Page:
Abducted from School: Kendall

Stranger Danger
"I can't even rest right now. I just want my baby! I want my daughter!" says a tearful Natasha, speaking to local reporters following the disappearance of her daughter, Kendall.


Local news reports tell the story of Kendall's abduction. Around 5:00 p.m. a stranger walked into the Precious Blood School in Banning, where Kendall attended, and asked for her by name.

Natasha says, "I arrived to school right about 5:40, and when I got there the after-school aide was surprised to see me, and I said, 'Where's Kendall?' She was like, 'She was just picked up,' and I said, 'No, she couldn't have been picked up,' and she was like, 'Yeah.' I'm hysterical by this time, and I'm like, 'Well, who picked her up? Who was this person?' And she said, 'I don't know.' And I said, 'Did you ask for I.D.?' And she said, 'No, she seemed to know him.' The aide said that the man walked in and said, 'I'm here to pick up Kendall.' She didn't think anything of it. He just seemed like he was supposed to be there, and they walked off the grounds. I was just so angry because I couldn't believe that had happened, and just panicking because how could this happen, and why?"

The police received a school picture of Kendall and issued an Amber alert. Based on an anonymous call, they were able to locate Kendall and her alleged abductor, 47-year-old Thomas Dorsey, Jr., within minutes. Kendall was returned to her mother with no sign of injury.

"I was just praying that she was OK, but every hour, you know, just expecting the worst," Natasha told reporters after her daughter was recovered.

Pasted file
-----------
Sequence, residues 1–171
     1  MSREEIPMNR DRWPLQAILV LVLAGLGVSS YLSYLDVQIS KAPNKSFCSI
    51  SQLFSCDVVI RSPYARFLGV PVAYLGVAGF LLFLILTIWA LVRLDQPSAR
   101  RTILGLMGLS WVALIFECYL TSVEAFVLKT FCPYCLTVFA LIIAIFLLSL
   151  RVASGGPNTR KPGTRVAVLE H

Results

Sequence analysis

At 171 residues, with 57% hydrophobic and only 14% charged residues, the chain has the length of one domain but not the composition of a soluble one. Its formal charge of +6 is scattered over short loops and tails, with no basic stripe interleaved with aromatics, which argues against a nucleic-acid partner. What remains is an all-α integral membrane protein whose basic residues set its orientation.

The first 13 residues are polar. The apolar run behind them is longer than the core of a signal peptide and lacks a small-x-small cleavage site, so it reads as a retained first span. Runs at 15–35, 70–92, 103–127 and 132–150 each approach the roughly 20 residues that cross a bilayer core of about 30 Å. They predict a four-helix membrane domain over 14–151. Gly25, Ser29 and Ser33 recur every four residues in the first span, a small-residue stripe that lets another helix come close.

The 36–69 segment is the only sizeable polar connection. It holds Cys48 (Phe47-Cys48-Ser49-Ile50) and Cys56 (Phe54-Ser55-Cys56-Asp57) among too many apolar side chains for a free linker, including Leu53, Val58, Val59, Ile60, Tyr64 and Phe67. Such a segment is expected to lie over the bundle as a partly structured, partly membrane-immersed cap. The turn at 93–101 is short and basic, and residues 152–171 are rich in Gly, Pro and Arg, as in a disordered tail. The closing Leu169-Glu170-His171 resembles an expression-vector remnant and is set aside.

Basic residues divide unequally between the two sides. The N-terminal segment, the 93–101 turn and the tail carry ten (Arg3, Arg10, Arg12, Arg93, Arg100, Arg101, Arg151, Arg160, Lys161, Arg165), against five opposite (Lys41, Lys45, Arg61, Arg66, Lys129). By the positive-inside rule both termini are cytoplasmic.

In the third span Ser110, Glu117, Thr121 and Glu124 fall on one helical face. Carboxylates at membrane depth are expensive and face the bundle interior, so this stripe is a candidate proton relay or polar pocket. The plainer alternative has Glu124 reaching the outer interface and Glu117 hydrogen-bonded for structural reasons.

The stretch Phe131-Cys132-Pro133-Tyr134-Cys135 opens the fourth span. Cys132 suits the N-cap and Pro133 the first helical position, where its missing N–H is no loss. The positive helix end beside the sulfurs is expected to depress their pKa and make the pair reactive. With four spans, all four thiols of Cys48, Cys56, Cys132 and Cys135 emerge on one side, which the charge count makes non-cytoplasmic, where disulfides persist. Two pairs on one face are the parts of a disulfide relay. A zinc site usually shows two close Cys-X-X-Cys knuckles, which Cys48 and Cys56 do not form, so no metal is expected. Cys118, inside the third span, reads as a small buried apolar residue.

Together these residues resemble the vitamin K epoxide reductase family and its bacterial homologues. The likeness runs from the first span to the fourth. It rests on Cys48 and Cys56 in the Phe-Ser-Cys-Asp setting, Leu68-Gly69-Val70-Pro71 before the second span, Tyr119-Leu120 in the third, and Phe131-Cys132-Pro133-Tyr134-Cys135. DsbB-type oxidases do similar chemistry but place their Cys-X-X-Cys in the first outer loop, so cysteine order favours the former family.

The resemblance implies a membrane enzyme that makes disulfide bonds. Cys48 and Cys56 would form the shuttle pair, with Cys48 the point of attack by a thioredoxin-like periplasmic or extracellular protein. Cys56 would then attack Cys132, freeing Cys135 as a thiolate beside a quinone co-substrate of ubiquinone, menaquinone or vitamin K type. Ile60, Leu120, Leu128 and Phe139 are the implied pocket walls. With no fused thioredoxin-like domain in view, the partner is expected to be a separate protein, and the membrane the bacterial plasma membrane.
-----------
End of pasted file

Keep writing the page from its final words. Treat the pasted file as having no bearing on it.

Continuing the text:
Natasha explains, "Kendall said that the man told her that I was waiting outside at the mailbox, and so that's why she went, because she thought I was just right outside. She realized when she was already in the car that she made a mistake, but it was too late.

"I think that because Kendall was African American and because this African-American man came to the school, it was just assumed that they were together. We've been at this school for four years. They know our family.

 

"I feel betrayed. I feel like I'm paying tuition for my child to be safe, because I didn't want her in public school dealing with hundreds of kids, just 100 children at this school. Kendall has not returned to school. She's very clingy now, where she was very independent before. She doesn't want to stay in any room by herself. She's gone back to sleeping with us again, and she doesn't want to talk about it, so we really haven't dealt with it yet, until she's ready to talk about it."

Dr. Phil sits down with Natasha; her husband, Gary, who has raised Kendall since she was 6 months old; and their attorney, Areva Martin.

"First off," Dr. Phil begins, "I have to tell you I am just so glad that we're here talking about Kendall, who has been recovered and is alive and is well, because we all know this could go way, way bad, way, way differently. What was it like when you found out she was gone?"

"I was in shock initially," she says. "I couldn't believe it. I just kept asking the aide, 'What are you talking about? How could this happen?' Because I had just talked to my husband on the phone, and I knew he had picked up our son from school, and so I knew it wasn't he who picked her up. And [the after-school aide] said, 'Yeah, a man just came not too long ago and picked her up.' She was shocked to see me there too, because Kendall was already gone. And so immediately we ran to the office, but I just felt " you know, your heart starts beating so fast because you're just trying to just get ahold of what could have happened."